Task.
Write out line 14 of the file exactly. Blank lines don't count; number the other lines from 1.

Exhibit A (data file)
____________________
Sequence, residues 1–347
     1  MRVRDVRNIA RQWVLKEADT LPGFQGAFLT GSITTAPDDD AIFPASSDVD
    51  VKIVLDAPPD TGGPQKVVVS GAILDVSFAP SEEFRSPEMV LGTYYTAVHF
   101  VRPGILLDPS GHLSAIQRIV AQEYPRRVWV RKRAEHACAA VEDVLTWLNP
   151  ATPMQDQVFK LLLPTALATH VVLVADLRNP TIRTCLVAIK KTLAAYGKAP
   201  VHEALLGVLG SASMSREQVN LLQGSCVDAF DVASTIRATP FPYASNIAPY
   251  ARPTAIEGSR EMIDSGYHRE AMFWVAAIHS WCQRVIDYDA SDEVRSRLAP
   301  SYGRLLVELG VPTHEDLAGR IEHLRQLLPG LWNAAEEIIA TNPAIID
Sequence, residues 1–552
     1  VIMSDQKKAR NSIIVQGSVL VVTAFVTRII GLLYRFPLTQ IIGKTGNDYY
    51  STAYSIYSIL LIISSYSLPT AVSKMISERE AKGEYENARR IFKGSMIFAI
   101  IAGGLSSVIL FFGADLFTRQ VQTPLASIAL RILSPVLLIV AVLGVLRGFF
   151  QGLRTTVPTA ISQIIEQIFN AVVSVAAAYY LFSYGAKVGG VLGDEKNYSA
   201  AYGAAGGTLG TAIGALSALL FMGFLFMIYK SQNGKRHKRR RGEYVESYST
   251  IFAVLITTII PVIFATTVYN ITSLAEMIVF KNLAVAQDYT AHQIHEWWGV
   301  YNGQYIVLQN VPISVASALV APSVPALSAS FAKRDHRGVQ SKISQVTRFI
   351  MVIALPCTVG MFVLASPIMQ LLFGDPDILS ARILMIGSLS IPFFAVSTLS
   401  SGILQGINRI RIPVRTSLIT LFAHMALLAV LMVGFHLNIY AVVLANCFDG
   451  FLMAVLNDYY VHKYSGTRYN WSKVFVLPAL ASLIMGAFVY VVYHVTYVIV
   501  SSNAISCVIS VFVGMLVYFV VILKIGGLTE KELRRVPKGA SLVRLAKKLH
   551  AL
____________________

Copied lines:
   201  AYGAAGGTLG TAIGALSALL FMGFLFMIYK SQNGKRHKRR RGEYVESYST